If you had to pick one ideal client/employer, who would that be and why?

No matter what the scope of the project, someone who is communicative, open to the collaborative process and wants to get the very best out of the soundtrack. 

How has technology affected the way you work?

Every way you could possibly imagine. When I was in college we were learning how to splice multitrack tape and operate 15-foot wide mixing consoles - and for the most part, the same work can now be done on a laptop with a pair of headphones. Although there is still unique magic in analogue, the quality of modern digital audio has made this industry unrecognisable from what it was even 20 years ago.

What’s your secret to staying inspired and motivated?

Keep reading, keep learning and keep listening.

What’s the work achievement you’re most proud of?

I couldn’t pick one, but my personal favourites from my portfolio would be the soundtrack I provided on a short film for P&Co, which has also been used for Channel 4 and Nike promos, and the sound design I created for MTV’s ‘Anxious’ ident (growing up in the MTV generation, it was such an awesome opportunity!). I’m also pretty pleased with the score I composed for the feature ‘Dragonflies Only Live for 24 Hours’, which picked up a few awards, and it was great having my music played during every game at the 2018 World Cup for FIFA’s ‘Get Social’ campaign.

How do you recharge away from the office?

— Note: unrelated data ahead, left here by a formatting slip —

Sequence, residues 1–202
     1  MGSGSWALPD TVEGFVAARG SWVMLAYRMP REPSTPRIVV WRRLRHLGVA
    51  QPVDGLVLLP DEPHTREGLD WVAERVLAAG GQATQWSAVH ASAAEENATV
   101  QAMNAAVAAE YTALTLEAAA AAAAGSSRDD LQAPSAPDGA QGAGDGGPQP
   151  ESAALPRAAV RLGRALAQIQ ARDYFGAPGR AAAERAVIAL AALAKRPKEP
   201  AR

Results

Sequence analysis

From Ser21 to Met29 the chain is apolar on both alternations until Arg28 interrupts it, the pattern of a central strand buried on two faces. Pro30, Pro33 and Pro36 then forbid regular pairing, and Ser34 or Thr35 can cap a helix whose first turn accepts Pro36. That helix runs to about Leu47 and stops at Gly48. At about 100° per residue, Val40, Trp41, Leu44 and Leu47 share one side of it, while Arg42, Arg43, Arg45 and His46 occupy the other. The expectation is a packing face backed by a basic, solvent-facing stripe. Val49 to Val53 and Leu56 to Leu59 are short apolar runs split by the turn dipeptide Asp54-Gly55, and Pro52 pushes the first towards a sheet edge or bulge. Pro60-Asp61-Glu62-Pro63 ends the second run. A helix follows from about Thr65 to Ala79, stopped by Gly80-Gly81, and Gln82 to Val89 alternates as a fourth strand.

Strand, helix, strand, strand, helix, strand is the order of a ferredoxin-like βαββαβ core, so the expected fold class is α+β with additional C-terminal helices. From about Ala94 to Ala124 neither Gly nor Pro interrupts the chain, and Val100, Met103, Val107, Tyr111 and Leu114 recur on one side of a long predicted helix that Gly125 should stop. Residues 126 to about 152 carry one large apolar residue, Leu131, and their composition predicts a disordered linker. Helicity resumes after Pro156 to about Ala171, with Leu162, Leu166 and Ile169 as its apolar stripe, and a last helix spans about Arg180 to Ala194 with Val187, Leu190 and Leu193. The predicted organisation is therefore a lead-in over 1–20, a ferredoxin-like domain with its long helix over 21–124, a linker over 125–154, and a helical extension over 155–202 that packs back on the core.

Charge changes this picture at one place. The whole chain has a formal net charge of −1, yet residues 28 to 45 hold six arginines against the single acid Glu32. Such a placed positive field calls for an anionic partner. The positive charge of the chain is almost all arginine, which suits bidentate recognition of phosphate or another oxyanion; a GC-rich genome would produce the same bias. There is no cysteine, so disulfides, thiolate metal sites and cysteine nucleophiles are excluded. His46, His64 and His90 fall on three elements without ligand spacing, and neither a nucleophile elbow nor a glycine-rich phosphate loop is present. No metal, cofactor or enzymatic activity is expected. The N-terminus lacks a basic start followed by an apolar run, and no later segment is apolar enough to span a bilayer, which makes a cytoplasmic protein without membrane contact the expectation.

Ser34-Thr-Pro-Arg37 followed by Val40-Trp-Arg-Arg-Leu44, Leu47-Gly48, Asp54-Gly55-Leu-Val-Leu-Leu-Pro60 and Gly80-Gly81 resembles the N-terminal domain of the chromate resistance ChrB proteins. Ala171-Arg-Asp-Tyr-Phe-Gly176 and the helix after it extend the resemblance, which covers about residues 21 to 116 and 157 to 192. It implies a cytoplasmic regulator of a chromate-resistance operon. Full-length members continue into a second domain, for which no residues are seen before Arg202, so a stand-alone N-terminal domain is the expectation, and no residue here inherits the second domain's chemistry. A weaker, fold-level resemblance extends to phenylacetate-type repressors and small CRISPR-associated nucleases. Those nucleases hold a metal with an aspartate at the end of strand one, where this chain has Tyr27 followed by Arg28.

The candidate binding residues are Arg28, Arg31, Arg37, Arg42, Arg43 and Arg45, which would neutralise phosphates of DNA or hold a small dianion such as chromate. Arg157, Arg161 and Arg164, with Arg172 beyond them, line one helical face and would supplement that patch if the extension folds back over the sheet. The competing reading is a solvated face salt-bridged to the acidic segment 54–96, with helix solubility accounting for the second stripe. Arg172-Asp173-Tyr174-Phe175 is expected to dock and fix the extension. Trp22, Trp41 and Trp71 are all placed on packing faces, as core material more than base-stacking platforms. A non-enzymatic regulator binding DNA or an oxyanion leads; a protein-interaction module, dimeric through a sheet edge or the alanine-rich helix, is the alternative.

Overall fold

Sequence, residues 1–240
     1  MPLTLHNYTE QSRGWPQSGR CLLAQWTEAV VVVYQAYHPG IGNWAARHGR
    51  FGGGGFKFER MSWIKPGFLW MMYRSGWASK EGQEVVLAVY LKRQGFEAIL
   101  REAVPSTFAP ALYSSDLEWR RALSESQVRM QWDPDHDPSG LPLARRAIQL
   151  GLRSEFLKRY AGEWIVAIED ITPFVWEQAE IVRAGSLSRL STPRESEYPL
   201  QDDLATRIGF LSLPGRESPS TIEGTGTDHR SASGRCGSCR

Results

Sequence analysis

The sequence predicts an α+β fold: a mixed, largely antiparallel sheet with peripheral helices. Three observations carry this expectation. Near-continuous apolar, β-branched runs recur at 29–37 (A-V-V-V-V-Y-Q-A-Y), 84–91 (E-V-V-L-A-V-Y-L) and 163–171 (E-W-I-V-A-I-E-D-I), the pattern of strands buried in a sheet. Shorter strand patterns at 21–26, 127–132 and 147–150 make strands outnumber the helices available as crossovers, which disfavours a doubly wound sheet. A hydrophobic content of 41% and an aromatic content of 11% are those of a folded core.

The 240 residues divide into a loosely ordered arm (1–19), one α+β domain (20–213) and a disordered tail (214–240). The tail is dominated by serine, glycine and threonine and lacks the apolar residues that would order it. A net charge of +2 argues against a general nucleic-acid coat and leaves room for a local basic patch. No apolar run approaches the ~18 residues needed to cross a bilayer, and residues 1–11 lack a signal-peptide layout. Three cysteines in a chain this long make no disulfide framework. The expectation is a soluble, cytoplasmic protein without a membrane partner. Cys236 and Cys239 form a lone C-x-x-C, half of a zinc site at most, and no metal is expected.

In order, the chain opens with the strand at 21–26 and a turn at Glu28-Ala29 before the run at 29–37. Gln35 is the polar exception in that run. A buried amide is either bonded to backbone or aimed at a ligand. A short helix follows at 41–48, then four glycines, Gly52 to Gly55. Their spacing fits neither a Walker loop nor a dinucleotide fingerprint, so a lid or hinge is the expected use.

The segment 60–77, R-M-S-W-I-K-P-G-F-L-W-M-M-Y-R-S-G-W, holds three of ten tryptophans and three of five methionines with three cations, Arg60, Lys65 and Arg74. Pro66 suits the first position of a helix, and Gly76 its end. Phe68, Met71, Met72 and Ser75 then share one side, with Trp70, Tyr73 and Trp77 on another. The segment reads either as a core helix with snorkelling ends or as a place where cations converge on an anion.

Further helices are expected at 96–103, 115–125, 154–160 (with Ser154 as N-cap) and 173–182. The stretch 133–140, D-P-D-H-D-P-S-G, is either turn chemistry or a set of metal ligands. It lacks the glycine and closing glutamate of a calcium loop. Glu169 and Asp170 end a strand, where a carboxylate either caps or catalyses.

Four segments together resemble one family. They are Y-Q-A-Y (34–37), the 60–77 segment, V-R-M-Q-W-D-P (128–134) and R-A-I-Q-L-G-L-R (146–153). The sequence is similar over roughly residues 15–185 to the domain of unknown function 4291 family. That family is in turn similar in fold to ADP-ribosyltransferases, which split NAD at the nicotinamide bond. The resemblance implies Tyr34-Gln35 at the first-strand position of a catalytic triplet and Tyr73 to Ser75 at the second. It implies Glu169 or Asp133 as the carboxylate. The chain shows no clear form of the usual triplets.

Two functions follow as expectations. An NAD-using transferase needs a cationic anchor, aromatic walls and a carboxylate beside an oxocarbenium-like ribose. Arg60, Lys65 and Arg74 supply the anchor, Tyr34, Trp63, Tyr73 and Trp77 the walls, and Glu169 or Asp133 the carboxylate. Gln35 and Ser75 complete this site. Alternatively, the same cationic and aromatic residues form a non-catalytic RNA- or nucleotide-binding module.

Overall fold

My field recording is a great way to escape, while seeing and learning so much about the world. Although it is a bus man’s holiday of sorts, scaling volcanoes in Europe and recording wildlife in the jungles of SouthEast Asia has me a world away from the soundproofed (and often windowless) production studios where the most of the work is done.

What is one tip for other aspiring creatives looking for work?

As cliché as it sounds, you have to keep creating and keep pushing yourself to make your work the best it can possibly be - and if you keep it up eventually the jobs will come to you. This industry is a real long game, and there will be plenty of setbacks and mistakes along the way, but this is the way you make progress. 

What is the one thing that you would change about the industry?

I think there really needs to be more uniform regulation, clarity and accountability when it comes to hiring freelancers in creative industries. Time and again you hear of people being exploited for their work, or of it being simply stolen from them. As much as there are unions for every subsector, I feel if they pooled their resources to represent all creatives they could become a much stronger force for good.

Any websites, books or resources you would recommend?

One bible of mine is ‘Sound Design: The Expressive Power of Music, Voice’ by David Sonnenschein, while a great online industry resource is asoundeffect.com - if you’re working in sound, you have to sign up to their newsletter.